Final standings are in, and one of the strongest PTQ fields in recent memory has led to a Top 8 packed with well-known UK names. It’s no surprise to see Laszlo Leka in yet another Top 8. Dan Gardner is National Champion. Marco Orsini-Jones is every bit as good as brother Matteo, who made a Pro Tour Top 8 last year. Richard Bland is a European Grand Prix regular, and close friends with Gardner and the O-Js. Mark Glenister made top 16 in Honolulu last year, while Mick Wright is the father of renowned deckbuilder Stuart. Against these six, Steven Nemeth and Doug Kimbley look to have a hard time ahead.
A room that seats 150 now seems cavernous and cold. Now we’re down to where it really matters. The fun day out is over, and it’s time for someone to grab hold and forcibly take the dream away from the other seven. The Top 8 retire to a darkened corner to draft, away from the distractions of the various hangers-on and late drafters, who remain largely oblivious to the main event unfolding a few yards away.
I go into full-on Coverage mode to chronicle the Top 8. I’ve been standing in rooms just like this one, watching drafts just like this, for more than a decade, mostly while waiting to see whether Neil is going to qualify, and what time I can start driving us home.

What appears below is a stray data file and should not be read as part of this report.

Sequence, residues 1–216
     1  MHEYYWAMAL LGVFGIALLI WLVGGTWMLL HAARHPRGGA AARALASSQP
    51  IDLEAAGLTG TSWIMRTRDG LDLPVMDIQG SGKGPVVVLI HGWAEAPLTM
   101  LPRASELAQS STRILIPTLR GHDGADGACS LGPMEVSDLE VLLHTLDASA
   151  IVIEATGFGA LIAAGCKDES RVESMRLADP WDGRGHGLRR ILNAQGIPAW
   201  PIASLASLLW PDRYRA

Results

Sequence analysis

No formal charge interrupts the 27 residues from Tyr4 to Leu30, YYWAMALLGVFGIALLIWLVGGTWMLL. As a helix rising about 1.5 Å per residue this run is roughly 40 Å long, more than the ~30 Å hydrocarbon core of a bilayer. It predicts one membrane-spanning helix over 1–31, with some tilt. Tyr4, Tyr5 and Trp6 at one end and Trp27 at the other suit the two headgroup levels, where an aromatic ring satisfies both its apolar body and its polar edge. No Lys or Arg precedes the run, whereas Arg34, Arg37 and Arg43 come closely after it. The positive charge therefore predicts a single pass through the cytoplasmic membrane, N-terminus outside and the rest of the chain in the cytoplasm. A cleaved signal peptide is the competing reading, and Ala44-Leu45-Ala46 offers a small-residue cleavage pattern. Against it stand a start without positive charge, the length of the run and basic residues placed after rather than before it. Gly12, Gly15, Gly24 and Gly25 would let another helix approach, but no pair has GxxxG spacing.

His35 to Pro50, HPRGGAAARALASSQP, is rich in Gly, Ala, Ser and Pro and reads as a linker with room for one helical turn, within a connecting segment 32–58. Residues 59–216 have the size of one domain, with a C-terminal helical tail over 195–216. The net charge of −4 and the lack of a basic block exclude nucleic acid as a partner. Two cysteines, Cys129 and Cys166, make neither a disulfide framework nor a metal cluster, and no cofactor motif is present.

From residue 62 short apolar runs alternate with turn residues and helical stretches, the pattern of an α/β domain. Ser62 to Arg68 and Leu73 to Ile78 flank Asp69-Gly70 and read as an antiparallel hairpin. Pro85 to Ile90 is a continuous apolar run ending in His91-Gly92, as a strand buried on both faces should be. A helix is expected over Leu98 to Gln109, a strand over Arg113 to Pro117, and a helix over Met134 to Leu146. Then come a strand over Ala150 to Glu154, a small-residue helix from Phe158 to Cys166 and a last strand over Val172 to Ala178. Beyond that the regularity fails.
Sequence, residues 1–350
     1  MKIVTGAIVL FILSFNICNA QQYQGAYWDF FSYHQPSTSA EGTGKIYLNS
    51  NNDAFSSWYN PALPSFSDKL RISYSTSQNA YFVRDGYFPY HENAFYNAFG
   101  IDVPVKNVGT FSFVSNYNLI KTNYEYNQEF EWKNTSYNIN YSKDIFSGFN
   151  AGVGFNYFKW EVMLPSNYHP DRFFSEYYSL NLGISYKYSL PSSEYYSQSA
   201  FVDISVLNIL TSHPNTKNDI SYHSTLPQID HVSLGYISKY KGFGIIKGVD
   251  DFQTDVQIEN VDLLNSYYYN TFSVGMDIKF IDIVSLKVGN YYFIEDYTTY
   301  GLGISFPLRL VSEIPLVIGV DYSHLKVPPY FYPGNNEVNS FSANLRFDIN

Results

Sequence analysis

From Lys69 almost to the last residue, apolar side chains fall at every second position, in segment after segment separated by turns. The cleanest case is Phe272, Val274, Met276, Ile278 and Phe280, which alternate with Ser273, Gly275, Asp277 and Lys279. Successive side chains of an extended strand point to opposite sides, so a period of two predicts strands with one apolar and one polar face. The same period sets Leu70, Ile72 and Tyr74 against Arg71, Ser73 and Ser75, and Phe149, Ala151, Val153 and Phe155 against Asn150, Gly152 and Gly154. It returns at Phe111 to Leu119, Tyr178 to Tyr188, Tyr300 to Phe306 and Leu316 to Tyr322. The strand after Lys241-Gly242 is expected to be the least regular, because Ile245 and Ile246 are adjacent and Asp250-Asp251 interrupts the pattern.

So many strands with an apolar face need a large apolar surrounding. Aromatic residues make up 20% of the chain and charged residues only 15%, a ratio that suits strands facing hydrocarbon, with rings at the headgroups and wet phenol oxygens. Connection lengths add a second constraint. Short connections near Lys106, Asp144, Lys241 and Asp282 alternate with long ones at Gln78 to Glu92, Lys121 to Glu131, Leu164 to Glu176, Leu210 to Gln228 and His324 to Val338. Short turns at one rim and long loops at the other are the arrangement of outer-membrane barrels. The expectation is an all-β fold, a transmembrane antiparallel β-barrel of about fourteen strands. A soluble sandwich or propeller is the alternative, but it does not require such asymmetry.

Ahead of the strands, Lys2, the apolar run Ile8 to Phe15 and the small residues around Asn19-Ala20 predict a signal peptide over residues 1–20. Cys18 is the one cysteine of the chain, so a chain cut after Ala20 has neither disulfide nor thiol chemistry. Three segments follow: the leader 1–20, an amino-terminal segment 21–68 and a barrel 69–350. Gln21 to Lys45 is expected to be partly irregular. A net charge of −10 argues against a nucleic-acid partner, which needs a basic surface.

I watch Glenister draft his way to a UG Allies deck. He faces newcomer Doug, and wins handily. The other debutant, Steven, takes on Marco Orsini-Jones, and can’t get past him, falling to Shepherd Of The Lost and Sphinx Of Lost Truths. Marco has two of these. Richard Bland has one of those horribly awkward Red-Blue Control decks, featuring double Whiplash Trap and some snivelling way to victory once every possible threat has been snuffed out. He grinds down Laszo 2-0.
Mick Wright, meanwhile, has never been to the PT, at least as a player. He’s a fine judge, and has a tremendously talented son, but right now, it isn’t about this, it’s about him going up against National Champion Dan Gardner. Mick loves his deck. He’s the only Black drafter at the table, and he has double Marsh Casualties, four (count them, four) Heartstabber Mosquito, a Malakir Bloodwitch, and an Ob Nixilis, The Fallen. Against six of the other seven, his deck looks unbeatable. He isn’t playing any of those six. He’s playing Dan Gardner.
As I stand over Dan, watching him complete his decklist, my heart sinks for Mick. Dan has more or less drafted an entire Boros Bushwhacker deck, complete with triple Kor Skyfisher, double Plated Geopede, a stack of removal, and Teetering Peaks chicanery. I simply don’t see how Mick will survive long enough to make Heartstabber Mosquitoes as relevant 2/2s, much less Kicked at seven mana. To be fair, Mick takes the second game, with Ob Nixilis following Marsh Casualties, but Dan remains unfazed. Kor Skyfisher on turns two and three is more or less game right there, and as I look at Dan’s hand, I know I’d be telling Randy in the booth that this one was pretty much over. Moments later, it is, and although Mick puts a brave face on it, you can see he thinks he may never have this chance again. And he may be right.